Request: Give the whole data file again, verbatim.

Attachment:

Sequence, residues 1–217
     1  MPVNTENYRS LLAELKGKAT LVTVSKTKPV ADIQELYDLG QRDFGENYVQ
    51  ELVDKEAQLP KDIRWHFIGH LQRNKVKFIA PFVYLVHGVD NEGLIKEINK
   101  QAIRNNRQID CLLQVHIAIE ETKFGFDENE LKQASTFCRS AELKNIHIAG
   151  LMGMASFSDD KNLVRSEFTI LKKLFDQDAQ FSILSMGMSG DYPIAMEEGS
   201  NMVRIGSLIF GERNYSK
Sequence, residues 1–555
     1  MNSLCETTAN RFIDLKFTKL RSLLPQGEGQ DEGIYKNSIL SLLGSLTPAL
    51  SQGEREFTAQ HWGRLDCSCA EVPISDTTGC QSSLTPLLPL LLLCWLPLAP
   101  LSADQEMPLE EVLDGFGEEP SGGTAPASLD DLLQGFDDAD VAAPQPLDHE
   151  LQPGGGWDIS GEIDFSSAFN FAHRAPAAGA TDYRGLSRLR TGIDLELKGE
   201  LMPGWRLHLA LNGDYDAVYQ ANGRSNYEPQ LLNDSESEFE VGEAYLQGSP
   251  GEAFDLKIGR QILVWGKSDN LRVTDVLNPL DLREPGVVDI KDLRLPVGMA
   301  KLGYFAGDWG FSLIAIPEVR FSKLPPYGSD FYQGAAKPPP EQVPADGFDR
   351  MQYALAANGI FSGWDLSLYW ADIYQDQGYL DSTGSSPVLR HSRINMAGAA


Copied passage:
Sequence, residues 1–217
     1  MPVNTENYRS LLAELKGKAT LVTVSKTKPV ADIQELYDLG QRDFGENYVQ
    51  ELVDKEAQLP KDIRWHFIGH LQRNKVKFIA PFVYLVHGVD NEGLIKEINK
   101  QAIRNNRQID CLLQVHIAIE ETKFGFDENE LKQASTFCRS AELKNIHIAG
   151  LMGMASFSDD KNLVRSEFTI LKKLFDQDAQ FSILSMGMSG DYPIAMEEGS
   201  NMVRIGSLIF GERNYSK
Sequence, residues 1–555
     1  MNSLCETTAN RFIDLKFTKL RSLLPQGEGQ DEGIYKNSIL SLLGSLTPAL
    51  SQGEREFTAQ HWGRLDCSCA EVPISDTTGC QSSLTPLLPL LLLCWLPLAP
   101  LSADQEMPLE EVLDGFGEEP SGGTAPASLD DLLQGFDDAD VAAPQPLDHE
   151  LQPGGGWDIS GEIDFSSAFN FAHRAPAAGA TDYRGLSRLR TGIDLELKGE
   201  LMPGWRLHLA LNGDYDAVYQ ANGRSNYEPQ LLNDSESEFE VGEAYLQGSP
   251  GEAFDLKIGR QILVWGKSDN LRVTDVLNPL DLREPGVVDI KDLRLPVGMA
   301  KLGYFAGDWG FSLIAIPEVR FSKLPPYGSD FYQGAAKPPP EQVPADGFDR
   351  MQYALAANGI FSGWDLSLYW ADIYQDQGYL DSTGSSPVLR HSRINMAGAA